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War Heroes, Counts, Magistrates, and Lunatics…thanks Ancestry.com! June 16, 2017

Posted by Chris Mark in Uncategorized.
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EHM_graveI grew up in a broken home and had little interest or knowledge of my genetic family when I was growing up.  Until recently there were few ways to trace one’s lineage with any degree of accuracy.  In 2010 I joined Ancestry.com.  it was still pretty nascent and I didn’t get much value from the limited information available.  Last week I had an epiphany and looked up the obituary of one of the grandparents with which I was familiar.  It had just enough information that I started looking.  I went back to Ancestry.com and BOOM! I was on fire!  In the 7 years I was away from Ancestry.com there were volumes of new information added!  In two days I found over 160 direct relatives.  I had always assumed my relatives had come to the US like many Irish immigrants during the Great Famine of 1845-1852.  I guessed (incorrectly) that my relatives were farming folk from Ireland.  The real story is much more interested!

The first relative I looked up was my maternal grandfather Emery Harry Montgomery.  He was a Colonel in the US Airforce (previously the Army Air Corps) and had served with distinction in WWII where he flew P-47s over Europe and was awarded 4 Air Medals and in 1944 earned a Distinguished Flying Cross!  Colonel Montgomery was the CO of the 2nd Jet squadron in the US and was killed in 1958 while flying an F80.

I then found his grandfather Joseph Montgomery.  Joseph fought for the Union during the Civil War and was captured in 1863 during the battle of Lookout Mountain in Tennessee.  He was transferred to Camp Sumter at Andersonville, Georgia. In 1864 Joseph died of Scurvy while a POW at Andersonville.  For those who don’t know, Andersonville is one of the (if not THE) most horrific prisoner camps in the history of the US.  Luckily, Joseph had a child before he died in service to his country.  I found 3 other relatives who fought in the Civil War.

I continued to search and found numerous relatives.  Almost all of my relatives from Europe came to the US (the colonies) before 1750!  I ran across a very interesting fellow named Johan Peter Puderbaugh who is my 10th Great Grandfather on my father’s side!  Johan came from Germany to the US in 1752 aboard the ship the Two Brothers. When the Revolutionary War started Johan fought along side his sons on the side of the Colonists and was killed in 1800.  This is fascinating as the British used numerous German Hessians during the war.  There were an estimated 30,000 (1/4 of the total British force) Hessians fighting during the war for the British.  To have a German fighting on the Colonist’s side was impressive!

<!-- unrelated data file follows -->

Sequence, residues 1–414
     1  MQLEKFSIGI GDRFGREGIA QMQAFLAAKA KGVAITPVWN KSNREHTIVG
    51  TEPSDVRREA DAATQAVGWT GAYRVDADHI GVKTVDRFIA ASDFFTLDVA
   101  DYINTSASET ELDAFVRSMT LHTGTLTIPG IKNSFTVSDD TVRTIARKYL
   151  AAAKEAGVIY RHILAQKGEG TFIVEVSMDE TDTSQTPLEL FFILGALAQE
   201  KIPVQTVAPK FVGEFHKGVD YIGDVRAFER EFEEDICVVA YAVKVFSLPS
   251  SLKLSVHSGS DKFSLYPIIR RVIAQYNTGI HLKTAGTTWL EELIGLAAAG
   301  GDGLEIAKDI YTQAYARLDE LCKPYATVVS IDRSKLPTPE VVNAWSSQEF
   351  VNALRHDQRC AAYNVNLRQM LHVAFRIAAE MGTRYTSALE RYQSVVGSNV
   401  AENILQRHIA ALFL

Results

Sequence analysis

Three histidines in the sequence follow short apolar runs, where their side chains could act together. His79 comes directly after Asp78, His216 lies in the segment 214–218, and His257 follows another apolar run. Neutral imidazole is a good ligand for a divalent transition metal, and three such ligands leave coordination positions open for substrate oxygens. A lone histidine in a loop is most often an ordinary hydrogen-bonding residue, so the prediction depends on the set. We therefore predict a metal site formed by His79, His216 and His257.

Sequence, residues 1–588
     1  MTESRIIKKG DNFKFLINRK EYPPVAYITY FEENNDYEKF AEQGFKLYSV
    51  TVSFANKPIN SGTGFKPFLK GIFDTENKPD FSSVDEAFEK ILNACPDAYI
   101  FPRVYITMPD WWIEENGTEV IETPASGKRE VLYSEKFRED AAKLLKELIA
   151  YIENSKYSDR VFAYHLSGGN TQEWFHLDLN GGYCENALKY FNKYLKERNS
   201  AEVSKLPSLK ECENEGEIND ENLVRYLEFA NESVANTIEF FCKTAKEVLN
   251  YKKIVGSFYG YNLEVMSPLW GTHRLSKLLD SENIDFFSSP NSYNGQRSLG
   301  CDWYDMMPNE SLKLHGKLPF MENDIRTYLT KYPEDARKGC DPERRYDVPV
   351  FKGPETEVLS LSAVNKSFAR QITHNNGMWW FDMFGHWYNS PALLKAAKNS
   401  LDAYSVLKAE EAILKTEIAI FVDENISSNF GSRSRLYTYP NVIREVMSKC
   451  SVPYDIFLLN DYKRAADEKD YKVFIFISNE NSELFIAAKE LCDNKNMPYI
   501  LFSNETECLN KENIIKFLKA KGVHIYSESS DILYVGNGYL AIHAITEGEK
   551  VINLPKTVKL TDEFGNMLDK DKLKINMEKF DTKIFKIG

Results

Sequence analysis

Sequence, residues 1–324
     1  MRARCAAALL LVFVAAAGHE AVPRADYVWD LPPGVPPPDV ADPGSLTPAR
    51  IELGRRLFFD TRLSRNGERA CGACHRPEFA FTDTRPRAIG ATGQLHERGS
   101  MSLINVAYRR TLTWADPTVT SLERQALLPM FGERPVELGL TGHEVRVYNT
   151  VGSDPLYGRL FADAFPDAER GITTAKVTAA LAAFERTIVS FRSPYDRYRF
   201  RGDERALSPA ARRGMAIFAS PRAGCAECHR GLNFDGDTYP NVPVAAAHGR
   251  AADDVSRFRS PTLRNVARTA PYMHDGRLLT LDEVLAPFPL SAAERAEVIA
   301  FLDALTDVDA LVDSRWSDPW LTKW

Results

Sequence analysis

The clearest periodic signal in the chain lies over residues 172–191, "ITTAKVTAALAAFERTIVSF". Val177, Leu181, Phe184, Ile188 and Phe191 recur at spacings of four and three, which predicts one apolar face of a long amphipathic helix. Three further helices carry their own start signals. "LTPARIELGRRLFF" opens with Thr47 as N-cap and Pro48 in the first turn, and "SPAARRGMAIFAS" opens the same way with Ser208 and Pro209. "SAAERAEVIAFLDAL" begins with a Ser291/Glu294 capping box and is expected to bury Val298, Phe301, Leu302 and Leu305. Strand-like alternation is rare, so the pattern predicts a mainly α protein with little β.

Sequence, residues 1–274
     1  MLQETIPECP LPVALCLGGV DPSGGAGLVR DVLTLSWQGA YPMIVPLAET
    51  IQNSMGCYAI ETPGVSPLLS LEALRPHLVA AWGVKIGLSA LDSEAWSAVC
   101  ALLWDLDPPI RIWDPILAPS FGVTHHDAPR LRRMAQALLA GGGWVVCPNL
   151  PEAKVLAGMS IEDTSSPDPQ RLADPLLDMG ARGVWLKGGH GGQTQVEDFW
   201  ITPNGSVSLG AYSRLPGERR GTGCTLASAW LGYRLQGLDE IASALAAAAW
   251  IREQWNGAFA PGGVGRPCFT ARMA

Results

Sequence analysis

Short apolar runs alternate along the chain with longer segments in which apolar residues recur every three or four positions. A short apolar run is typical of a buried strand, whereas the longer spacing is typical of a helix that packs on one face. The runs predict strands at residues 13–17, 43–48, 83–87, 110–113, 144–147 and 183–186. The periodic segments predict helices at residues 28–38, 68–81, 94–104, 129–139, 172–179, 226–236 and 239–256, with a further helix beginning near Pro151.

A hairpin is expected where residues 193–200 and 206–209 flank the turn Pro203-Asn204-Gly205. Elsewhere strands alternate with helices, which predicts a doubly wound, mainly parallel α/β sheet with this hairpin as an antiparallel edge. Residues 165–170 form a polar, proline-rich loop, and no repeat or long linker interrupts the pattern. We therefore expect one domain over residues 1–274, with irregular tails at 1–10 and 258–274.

As I continued to look I came across a very interesting person named Henry Wolcott.  He came to the US came over on the Mary and John (a ship) with his wife and 3 kids in 1630.  According to records he sold land he had in England for 8,000 Pounds Sterling (I dont’ have the symbol on my computer) to fund the new life in the colonies….this was worth about $1.750 million in today’s dollars. He was a well known Magistrate in Connecticut until his death.   This is the earliest relative I can find in the US.

If you have not signed up for Ancestry.com you should think about it (no I am not working with them and I don’t get any referrals!…I just like passing on cool stuff).  I have been blown away with the amount of info I was able to find in just a few hours.  Very easy to use and really puts in perspective where we all originate!!EHM_grave

 

Comments»

1. Geraldine Mercer - June 19, 2017

What is outstanding is the bravery and dedication these ancestors exhibited during the country’s war times. And how many women were widowed and left to raise the next generation, year after year. But they plodded on, proceeding to Make This County Great. May we who are living continue in their path of patriotism and individual achievements to MAGA.

2. Rusty Johnson - June 19, 2017

Is Emery interred at Arlington?

Chris Mark - June 19, 2017

I don’t think so..I think in New York…


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